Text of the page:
What I, and to a greater extent Chris, have realised with Snooker 19 from Lab 42 and Ripstone is that snooker is a tough game. As a casual pool player when the opportunity presents itself, transitioning to snooker, even in videogame form isn’t easy.
Snooker 19 purports to offer the most realistic snooker game released, and it does a good job on that front. When it comes to presentation, the Switch version has a great looking ball game, but could have done without some jagged players.
The effort that has been put into Snooker 19 can’t be doubted, and the tie-up with World Snooker is clear for all to see. 128 professional players (from the men’s side of the game) are present and correct along with the full range of events that form the snooker calendar. The Crucible (home of the World Championships) and Alexandra Palace are featured, along with new locations in the Far East that show the expansion the game has seen in recent years.
The variety of locations is something the developers should be proud of, but ultimately your focus is on the beize and the various locations don’t add much to the action. The advantage of the full licence from World Snooker is that there is plenty to get up to in career mode. Choose a top ranked player and get stuck into the big tournaments, or work through the qualifiers as a low ranked player.
Beyond the regular full blooded snooker, there are modes for Six Red and Shootout. If you want a quick game, with the clock keeping you playing on time, Shootout is the go-to. The one crying shame is the lack of a training mode.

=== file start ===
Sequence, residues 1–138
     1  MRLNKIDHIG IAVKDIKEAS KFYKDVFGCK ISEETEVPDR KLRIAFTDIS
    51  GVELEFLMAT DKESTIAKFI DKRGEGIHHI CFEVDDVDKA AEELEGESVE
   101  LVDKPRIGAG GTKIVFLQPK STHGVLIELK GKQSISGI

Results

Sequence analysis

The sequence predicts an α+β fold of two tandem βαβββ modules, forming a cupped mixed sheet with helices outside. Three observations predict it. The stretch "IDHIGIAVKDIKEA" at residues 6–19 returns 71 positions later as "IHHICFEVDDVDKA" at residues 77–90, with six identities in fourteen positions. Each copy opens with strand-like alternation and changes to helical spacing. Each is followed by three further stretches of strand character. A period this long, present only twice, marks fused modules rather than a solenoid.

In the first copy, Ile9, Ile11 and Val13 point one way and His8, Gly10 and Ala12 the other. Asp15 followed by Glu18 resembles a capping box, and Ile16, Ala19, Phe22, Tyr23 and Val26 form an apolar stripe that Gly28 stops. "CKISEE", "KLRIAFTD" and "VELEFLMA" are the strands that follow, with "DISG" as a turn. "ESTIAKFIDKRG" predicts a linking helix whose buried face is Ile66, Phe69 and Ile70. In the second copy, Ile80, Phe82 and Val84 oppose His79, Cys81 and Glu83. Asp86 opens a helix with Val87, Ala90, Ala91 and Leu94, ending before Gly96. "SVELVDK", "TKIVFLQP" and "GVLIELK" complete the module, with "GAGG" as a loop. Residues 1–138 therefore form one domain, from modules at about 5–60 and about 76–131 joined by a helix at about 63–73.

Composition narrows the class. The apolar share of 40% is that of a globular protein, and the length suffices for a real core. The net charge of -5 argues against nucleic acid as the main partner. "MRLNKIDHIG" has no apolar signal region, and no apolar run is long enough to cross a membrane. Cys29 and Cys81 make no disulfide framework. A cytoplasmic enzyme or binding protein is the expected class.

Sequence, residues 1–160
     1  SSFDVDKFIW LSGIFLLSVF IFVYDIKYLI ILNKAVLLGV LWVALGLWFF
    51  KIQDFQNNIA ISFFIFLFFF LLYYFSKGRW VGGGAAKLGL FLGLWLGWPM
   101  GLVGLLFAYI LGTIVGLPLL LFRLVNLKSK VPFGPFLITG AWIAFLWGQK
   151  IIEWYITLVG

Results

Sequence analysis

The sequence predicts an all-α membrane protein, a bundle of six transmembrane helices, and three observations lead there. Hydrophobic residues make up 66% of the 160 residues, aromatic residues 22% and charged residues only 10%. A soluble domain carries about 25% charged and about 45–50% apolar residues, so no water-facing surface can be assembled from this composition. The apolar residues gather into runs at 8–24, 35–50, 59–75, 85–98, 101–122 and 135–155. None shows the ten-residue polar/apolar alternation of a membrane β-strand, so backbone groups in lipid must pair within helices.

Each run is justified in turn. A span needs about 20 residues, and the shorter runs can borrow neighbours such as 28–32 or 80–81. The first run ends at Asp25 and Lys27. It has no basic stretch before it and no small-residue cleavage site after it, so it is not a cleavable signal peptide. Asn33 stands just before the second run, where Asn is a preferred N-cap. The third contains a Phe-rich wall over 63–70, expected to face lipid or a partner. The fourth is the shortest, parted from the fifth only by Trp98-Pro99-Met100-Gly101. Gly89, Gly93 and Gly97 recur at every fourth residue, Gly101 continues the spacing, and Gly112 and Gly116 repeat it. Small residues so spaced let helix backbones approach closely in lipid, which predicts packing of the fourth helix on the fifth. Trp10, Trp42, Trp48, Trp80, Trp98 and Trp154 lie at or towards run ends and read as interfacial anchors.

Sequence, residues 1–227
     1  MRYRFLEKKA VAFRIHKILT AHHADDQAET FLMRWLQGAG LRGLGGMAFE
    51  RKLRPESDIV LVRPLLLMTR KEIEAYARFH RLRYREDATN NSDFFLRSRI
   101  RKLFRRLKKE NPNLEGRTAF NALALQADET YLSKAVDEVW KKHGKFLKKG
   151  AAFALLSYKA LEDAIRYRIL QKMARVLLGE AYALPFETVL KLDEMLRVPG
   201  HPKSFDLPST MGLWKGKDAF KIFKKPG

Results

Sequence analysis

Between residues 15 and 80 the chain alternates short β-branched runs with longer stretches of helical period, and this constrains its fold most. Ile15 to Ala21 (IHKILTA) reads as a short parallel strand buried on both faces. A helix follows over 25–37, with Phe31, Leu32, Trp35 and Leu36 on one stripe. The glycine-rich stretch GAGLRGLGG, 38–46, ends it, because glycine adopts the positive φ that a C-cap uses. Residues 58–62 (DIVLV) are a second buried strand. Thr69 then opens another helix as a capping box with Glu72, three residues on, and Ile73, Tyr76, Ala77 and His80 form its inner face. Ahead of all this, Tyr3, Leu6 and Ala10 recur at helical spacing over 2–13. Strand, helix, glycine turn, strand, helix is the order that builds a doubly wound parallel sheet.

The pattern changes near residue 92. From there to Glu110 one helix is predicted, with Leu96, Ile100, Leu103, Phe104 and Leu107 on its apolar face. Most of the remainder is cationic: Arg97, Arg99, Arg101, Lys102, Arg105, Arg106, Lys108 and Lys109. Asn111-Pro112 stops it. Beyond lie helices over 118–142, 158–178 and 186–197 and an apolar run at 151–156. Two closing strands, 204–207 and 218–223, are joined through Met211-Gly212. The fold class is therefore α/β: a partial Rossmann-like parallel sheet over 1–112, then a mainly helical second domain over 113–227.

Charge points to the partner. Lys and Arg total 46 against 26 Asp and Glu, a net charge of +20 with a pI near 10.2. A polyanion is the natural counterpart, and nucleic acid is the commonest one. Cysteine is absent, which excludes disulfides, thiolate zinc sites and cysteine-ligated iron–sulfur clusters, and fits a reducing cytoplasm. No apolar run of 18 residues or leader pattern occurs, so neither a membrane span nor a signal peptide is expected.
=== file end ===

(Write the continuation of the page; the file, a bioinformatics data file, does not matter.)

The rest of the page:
Snooker is hard, and while the mechanics of Snooker 19 are straightforward, mastering the cloth isn’t something that comes easy.
With an aiming aid assisting with lining up shots, and the triggers helping refine your aim or add spin to the cue ball, you get a good idea of where your shot will go…and whether the cue ball will slip into the pocket by mistake.
The problem is that difficulty is adjudged by the ranking level of your opponent rather than making the game any easier to play for a newcomer. It’s all too easy to get on the wrong end of a large break by the computer, even against the lower ranked players.
What Snooker 19 would really benefit from is a shot advisor. When there are so many balls on the table, for someone not au fait with the tactics and strategies of the sport, it isn’t clear what the right choice is. There’s setting a game up as a realistic simulation, but some open arms for the newcomers would have been nice.
Unfortunately the Switch version does contain a few bugs. Moving between handheld and docked play during a game can break the shot power control, while letting the power meter fly past 100% will sometimes reset it, or possibly lead to a penalty as a shot is played but without making contact with any balls. Seeing the cue disappear through the table wasn’t game breaking, just amusing.
Credit is due for having some functionality for the colourblind among us (aka Chris). Pressing the Y button highlights the points for the colour balls, especially helpful when the green and brown are nestled up with some reds.
All told, Snooker 19 is a fine representation of the game of snooker, and will do wonders for the purists. I wonder how it would look on a more powerful machine and whether the bugs are a legacy of a poor port, or a generally buggy game. For the less snooker proficient, this is an objectively good game, but subjectively not as welcoming as one would hope.
The Verdict – On Target
Platforms Available – PC, PlayStation 4, Xbox One, Nintendo Switch
Platform Reviewed – Nintendo Switch
For more on our scoring policy, please read this. Review based on code supplied by PR.